Extended Data Fig. 4 Comparison of nonlinear AHE responses in corrugated BLG, simple BLG, and corrugated MLG.

The second harmonic Hall voltage response \({V}_{y}^{2\omega }\) as a function of the back-gate voltage is measured using standard lock-in technique in the corrugated BLG, simple BLG and corrugated MLG for comparison. The signal in the corrugated BLG is well reproducible with the phases of the second-harmonic responses being locked at ± 90 with respect to the driving reference, which is in agreement with the expectations for the nonlinear measurements. In contrast, the small, fluctuant \({V}_{y}^{2\omega }\) in simple BLG and corrugated MLG are noise signal because they are irreproducible and the phase cannot be locked, showing the absence of nonlinear AHE in these two systems.

Extended Data Fig. 5 Temperature dependence of the linear longitudinal conductivity and the nonlinear Hall effect.

a, The linear longitudinal resistivity as a function of gate voltage. b, Temperature dependence of the linear longitudinal conductivity versus the nonlinear Hall voltage for comparison. The nonlinear Hall effect decreases substantially with increasing temperature and disappear at only 10K, whereas the linear longitudinal conductivity σxx only changes a little bit (for less than 2%) in this temperature interval. The fact that they are distinctly different suggests that the nonlinear Hall effect is irrelevant to scattering.

Extended Data Fig. 6 Comparison of linear transverse responses in corrugated BLG, simple BLG, and corrugated MLG.

a, The linear transverse resistivity ρyx as a function of the back-gate voltage is measured in the corrugated BLG, simple BLG and corrugated MLG. In comparison with the ρyx in corrugated BLG, the signal is negligibly small for simple BLG and corrugated MLG except near the charge neutrality point. The transverse response near the NP may be due to the charge inhomogeneity because of the electron-hole puddles or the imperfection of the Hall bar that were commonly observed in graphene near the charge neutrality point55,56, and is not the major focus of this work. In corrugated BLG, uniquely, can be seen over a very wide range of Fermi energy and well explained by the model of pseudo-PHE. b-d, Colourmaps of the transverse resistivity ρyx as a function of Vg and B in the corrugated BLG (b), simple BLG (c) and corrugated MLG (d). In corrugated BLG, interplay between the zero-magnetic-field pseudo-PHE and the classical Hall effect can be clearly seen, exhibiting an anti-crossing structure in the colourmap. In contrast, for the simple BLG and corrugated MLG, a standard colour plot of the Hall effect in graphene with four quadrants crossing at zero magnetic field and the neutrality point is shown.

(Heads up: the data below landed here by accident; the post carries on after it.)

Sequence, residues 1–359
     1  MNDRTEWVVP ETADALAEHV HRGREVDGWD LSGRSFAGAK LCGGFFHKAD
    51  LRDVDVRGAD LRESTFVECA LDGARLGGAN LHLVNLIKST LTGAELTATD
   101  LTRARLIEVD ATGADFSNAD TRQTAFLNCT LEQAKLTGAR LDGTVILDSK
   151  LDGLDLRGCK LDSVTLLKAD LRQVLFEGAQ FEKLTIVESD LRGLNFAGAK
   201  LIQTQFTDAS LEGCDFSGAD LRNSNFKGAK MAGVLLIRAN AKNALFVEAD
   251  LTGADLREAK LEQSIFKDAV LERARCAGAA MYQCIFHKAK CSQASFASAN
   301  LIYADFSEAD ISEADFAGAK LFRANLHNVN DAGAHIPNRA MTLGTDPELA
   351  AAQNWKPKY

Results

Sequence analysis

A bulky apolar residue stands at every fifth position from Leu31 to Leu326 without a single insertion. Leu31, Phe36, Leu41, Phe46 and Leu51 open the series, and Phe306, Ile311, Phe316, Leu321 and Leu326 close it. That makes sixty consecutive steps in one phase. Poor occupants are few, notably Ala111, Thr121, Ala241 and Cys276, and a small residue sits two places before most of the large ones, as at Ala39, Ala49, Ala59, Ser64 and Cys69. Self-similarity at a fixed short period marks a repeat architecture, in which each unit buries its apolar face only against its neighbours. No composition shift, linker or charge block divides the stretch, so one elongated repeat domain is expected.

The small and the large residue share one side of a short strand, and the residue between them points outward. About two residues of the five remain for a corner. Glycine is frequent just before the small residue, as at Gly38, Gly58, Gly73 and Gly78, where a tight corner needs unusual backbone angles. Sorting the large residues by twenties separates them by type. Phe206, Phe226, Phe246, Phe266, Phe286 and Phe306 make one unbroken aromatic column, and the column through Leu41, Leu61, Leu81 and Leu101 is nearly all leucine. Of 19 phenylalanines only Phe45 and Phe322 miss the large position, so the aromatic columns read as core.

Extended Data Fig. 7 Reproducibility of pseudo-PHE.

a, The linear Hall resistivity ρyx measured as a function of gate voltage Vg in another corrugated BLG device. b, The linear Hall resistivity that is theoretically calculated as a function of Fermi level position ϵF in the corrugated BLG with ϕ = 10, where ϕ is the angle between the graphene zigzag axis and the corrugation direction.

Extended Data Fig. 8 Time reversal invariant pseudo-PHE.

a, The planar Hall resistivities ρyx (see top insets in b for measurement setup) and ρxy (see c, top insets) measured as a function of Vg at zero external magnetic field B = 0. Although the current directions and measurement setups for ρyx and ρxy are very different with respect to the corrugation and device geometry, the fact the ρxy = ρyx indicates that the resistivity is a symmetric tensor and the observed pseudo-PHE is indeed time reversal symmetric. b, c, Colour rendition of ρyx(B, Vg) (b) and ρxy(B, Vg) (c). The top insets show representative current trajectories for each region labelled in the colour plot. Interplay between the pseudo-PHE and the HE results in an asymmetric overall Hall resistivity, for example, the Hall resistivity ρyx(B = + 0.9T) (region labelled ii in b) is completely different to ρyx(B = − 0.9T) (region labelled iii in b). However, ρyx(B = + 0.9T) (region labelled ii in b) is nearly the same as ρxy(B = − 0.9T) (region labelled iii in c). d, ρyx(B = + 0.9T) and ρxy(B = − 0.9T) are explicitly plotted as a function of Vg to demonstrate the equivalence.

Extended Data Fig. 9 Electronic band structure of corrugated MLG.

a, Calculated band dispersion of the corrugated monolayer graphene for K (orange) and K\(^{\prime}\) (green) valley along ky direction at kx = 0. b, The band dispersion along kx direction at ky = 5 (corresponding to dashed line in a) shows a conventional symmetric Brillouin zone.

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Ho, SC., Chang, CH., Hsieh, YC. et al. Hall effects in artificially corrugated bilayer graphene without breaking time-reversal symmetry. Nat Electron 4, 116–125 (2021).